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Hereditary Cancer Predisposition Syndromes

Approximately 5-10% of all cancers are hereditary. Hereditary cancers are attributable to changes (or mutations) in specific genes that are passed from one blood relative to another. Individuals who inherit one of these gene changes will have a higher likelihood of developing cancer within their lifetime. Currently, we have an understanding about mutations in several genes that increase the risk for developing several types of cancer; however, we have not yet identified genetic causes for all types of cancer.

Several cancer predisposition syndromes are listed below. Visit Resources and Links to find additional information and resources.

Hereditary Breast and Ovarian Cancer Syndrome

The most common type of inherited breast cancer is hereditary breast and ovarian cancer syndrome (HBOC). HBOC is caused by mutations in the BRCA1 and BRCA2 genes. A woman with an inherited mutation in the BRCA genes has a higher chance to develop breast and ovarian cancer in her lifetime than a woman who does not carry a mutation. A man with an inherited mutation in the BRCA genes has a higher chance to develop breast and prostate cancer in his lifetime. Additionally, some families have higher incidence of pancreatic cancer, melanoma and other cancers.

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Cowden Syndrome

Cowden syndrome (CS) is characterized by multiple tumor-like growths and an increased risk of certain cancers. The majority of patients with CS develop small, non-cancerous growths, or hamartomas, of the skin and mucous membranes, but these growths can also occur in the intestinal tract or brain. Individuals with CS also have an increased risk of developing benign and malignant tumors of the breast, uterus and thyroid. CS is associated with mutations in the PTEN gene.

To learn more: Cowden Syndrome (pdf)

Hereditary Nonpolyposis Colorectal Cancer Syndrome or Lynch Syndrome

Hereditary nonpolyposis colorectal cancer syndrome (HNPCC) or Lynch Syndrome is characterized by early age onset colorectal cancer and endometrial (uterine) cancer as well as other extracolonic tumors. Hereditary nonpolyposis colorectal cancer (HNPCC) or Lynch Syndrome is caused by mutations in DNA mismatch repair genes (MLH1, MSH2, MSH6 or PMS2). A variant of HNPCC-Lynch Syndrome called Muir Torre Syndrome is associated with increased risk for certain skin tumors. A second variant, called Turcot Syndrome, is associated with certain brain tumors (different than in FAP).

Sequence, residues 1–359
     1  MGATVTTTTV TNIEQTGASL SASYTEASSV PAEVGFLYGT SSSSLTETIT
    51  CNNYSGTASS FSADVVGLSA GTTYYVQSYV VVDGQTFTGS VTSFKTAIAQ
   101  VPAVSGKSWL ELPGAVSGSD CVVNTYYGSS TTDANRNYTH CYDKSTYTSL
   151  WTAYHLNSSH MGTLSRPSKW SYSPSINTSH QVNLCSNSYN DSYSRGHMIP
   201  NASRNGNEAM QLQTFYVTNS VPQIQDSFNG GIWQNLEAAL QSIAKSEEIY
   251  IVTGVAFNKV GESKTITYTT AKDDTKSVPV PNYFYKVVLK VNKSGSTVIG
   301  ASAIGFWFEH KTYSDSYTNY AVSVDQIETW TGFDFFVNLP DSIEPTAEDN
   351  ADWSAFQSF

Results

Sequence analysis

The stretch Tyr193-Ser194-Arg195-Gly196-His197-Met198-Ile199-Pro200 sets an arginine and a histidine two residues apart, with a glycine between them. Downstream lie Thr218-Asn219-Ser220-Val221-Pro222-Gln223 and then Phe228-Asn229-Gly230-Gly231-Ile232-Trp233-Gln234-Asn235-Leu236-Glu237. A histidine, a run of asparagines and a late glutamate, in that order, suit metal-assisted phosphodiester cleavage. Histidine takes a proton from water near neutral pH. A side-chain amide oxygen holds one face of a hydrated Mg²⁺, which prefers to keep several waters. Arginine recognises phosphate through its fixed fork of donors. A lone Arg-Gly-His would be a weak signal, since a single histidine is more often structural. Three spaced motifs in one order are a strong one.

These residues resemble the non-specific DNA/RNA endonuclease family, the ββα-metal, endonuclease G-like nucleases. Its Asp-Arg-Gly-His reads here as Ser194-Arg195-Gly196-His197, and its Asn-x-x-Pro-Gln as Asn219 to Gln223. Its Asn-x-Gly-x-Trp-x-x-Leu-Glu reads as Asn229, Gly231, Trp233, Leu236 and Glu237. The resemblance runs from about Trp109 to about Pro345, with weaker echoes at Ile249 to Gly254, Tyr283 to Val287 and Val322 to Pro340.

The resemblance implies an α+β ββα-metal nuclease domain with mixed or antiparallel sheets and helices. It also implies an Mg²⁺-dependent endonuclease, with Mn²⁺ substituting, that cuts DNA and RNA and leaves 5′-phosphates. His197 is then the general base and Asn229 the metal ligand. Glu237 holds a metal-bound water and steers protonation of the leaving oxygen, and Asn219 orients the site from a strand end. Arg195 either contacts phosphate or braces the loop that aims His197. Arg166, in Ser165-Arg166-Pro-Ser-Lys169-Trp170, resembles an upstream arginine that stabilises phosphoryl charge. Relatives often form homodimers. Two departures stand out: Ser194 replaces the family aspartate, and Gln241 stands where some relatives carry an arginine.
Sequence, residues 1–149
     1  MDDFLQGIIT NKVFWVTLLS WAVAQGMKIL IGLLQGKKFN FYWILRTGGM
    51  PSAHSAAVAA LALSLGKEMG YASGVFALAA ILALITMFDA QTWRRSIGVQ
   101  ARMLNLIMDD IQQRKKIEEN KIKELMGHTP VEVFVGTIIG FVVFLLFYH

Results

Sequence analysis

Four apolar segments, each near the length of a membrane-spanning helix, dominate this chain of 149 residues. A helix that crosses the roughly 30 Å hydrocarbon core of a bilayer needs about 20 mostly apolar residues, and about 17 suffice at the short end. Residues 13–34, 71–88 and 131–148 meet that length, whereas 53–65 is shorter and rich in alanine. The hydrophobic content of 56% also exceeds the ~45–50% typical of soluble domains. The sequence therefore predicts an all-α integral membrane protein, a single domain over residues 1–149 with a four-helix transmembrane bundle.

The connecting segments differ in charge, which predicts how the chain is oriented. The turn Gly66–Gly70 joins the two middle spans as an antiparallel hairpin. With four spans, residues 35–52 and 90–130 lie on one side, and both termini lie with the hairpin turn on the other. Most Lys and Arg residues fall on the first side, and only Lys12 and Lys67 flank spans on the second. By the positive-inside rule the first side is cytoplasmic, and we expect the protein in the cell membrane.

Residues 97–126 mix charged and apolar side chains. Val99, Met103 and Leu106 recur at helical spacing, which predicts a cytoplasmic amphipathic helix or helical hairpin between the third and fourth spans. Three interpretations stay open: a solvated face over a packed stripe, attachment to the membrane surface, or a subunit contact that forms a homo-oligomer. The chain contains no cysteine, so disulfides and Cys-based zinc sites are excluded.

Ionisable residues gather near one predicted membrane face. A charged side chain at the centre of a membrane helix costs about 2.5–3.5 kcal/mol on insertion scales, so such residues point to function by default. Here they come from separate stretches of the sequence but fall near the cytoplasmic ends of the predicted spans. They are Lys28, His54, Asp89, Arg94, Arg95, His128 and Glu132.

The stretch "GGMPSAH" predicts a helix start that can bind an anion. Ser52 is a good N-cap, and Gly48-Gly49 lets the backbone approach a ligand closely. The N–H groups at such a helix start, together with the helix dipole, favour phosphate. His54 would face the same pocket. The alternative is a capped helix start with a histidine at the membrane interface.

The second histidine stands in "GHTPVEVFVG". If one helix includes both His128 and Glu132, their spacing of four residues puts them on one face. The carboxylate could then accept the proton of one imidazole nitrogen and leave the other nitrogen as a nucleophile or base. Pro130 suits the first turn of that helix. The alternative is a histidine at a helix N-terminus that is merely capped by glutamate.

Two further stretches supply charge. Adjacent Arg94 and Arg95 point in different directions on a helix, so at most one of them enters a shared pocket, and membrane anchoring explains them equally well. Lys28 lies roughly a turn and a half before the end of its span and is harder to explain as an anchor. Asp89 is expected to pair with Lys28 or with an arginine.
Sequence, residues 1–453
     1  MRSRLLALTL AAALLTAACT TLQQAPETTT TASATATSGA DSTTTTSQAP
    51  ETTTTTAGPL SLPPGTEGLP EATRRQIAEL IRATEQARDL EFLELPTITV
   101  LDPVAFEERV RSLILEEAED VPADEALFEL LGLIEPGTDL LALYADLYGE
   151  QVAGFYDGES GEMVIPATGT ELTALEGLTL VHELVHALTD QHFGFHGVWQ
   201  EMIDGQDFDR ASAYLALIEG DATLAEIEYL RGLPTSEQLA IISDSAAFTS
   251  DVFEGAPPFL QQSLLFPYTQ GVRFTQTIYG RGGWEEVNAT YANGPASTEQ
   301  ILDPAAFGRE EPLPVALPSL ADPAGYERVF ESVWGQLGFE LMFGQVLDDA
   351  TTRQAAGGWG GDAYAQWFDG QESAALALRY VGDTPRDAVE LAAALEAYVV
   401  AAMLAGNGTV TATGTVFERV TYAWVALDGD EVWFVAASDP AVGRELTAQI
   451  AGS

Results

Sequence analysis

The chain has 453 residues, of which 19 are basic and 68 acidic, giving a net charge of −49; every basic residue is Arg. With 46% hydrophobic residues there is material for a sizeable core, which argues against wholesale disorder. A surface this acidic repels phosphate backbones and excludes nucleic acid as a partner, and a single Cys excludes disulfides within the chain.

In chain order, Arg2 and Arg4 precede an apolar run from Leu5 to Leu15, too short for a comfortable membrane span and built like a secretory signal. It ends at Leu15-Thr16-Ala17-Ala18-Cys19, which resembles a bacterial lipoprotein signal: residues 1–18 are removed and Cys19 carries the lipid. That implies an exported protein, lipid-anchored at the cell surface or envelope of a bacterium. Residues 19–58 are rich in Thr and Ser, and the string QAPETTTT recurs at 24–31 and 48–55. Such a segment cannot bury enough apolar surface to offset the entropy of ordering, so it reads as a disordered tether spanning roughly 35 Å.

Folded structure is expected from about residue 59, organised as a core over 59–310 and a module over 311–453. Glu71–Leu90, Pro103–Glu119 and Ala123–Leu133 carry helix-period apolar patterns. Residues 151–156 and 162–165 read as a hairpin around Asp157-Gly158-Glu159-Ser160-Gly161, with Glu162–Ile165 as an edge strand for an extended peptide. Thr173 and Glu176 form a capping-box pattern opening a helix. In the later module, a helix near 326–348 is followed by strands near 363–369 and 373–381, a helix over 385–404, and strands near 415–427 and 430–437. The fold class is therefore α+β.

To learn more: Hereditary Nonpolyposis Colorectal Cancer/Lynch Syndrome (pdf)

Familial Adenomatous Polyposis Syndrome

Familial adenomatous polyposis (FAP) or Gardner's Syndrome is a colon cancer predisposition syndrome in which hundreds to thousands of precancerous colon polyps (called adenomas) develop throughout the gastrointestinal tract (mostly in the colon and rectum but also in the stomach and small intestine). Attenuated FAP (AFAP) is a milder form of FAP and is associated with increased risk for colon cancer but fewer number of colon polyps. Gardner's Syndrome is associated with the typical number of polyps as in FAP, but also osteomas (benign tumors of the bone) and soft tissue tumors (called desmoids). A second variant, called Turcot Syndrome, is associated with certain brain tumors (different than in HNPCC-Lynch Syndrome). All forms of FAP are associated with mutations in the APC gene.

To learn more: Familial Adenomatous Polyposis (pdf)

Li-Fraumeni Syndrome

Li-Fraumeni Syndrome (LFS) is a rare genetic condition characterized by increased risk to develop multiple types of cancer. The cancers that occur in LFS can be diagnosed during childhood, adolescence or adulthood. The most common types of cancer associated with LFS include: sarcomas of the soft tissue (tumor in fat, muscle, nerve, joint, blood vessel, bone or deep skin); breast cancer; leukemia; lung cancer; brain cancer; and cancer of the adrenal gland. Most individuals with LFS are found to have mutations in the TP53 gene.

To learn more: Li-Fraumeni Syndrome (pdf)

Von Hippel-Lindau Disease

Von Hippel-Lindau Disease (VHL) is a multisystem disorder characterized by abnormal growth of blood vessels (called hemangioblastomas or angiomas). Hemagioblastomas may develop in the retina, certain areas of the brain, the spinal cord and other parts of the nervous system. Other types of tumors can develop in the adrenal gland, kidney and pancreas. Individuals with VHL also have a higher risk to develop certain types of cancer, especially kidney cancer. Nearly all individuals with VHL are found to have mutations in the VHL gene.

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Multiple Endocrine Neoplasias

Multiple endocrine neoplasia (MEN) syndromes received their name because they predispose people to develop tumors of the endocrine glands. The endocrine system is comprised of glands that secrete hormones into the bloodstream that control numerous processes within the body. The endocrine system is instrumental in regulating mood, growth and development and metabolism, as well as sexual function and reproductive processes.

The major glands of the endocrine system affected by the MEN syndromes are the pituitary, thyroid, parathyroids, adrenals and pancreas. Currently, there are two distinct MEN syndromes: MEN1 and MEN2. In some ways, the two syndromes are similar, but there are important differences.

To learn more: Multiple Endocrine Neoplasia


© 2014 The University of Texas MD Anderson Cancer Center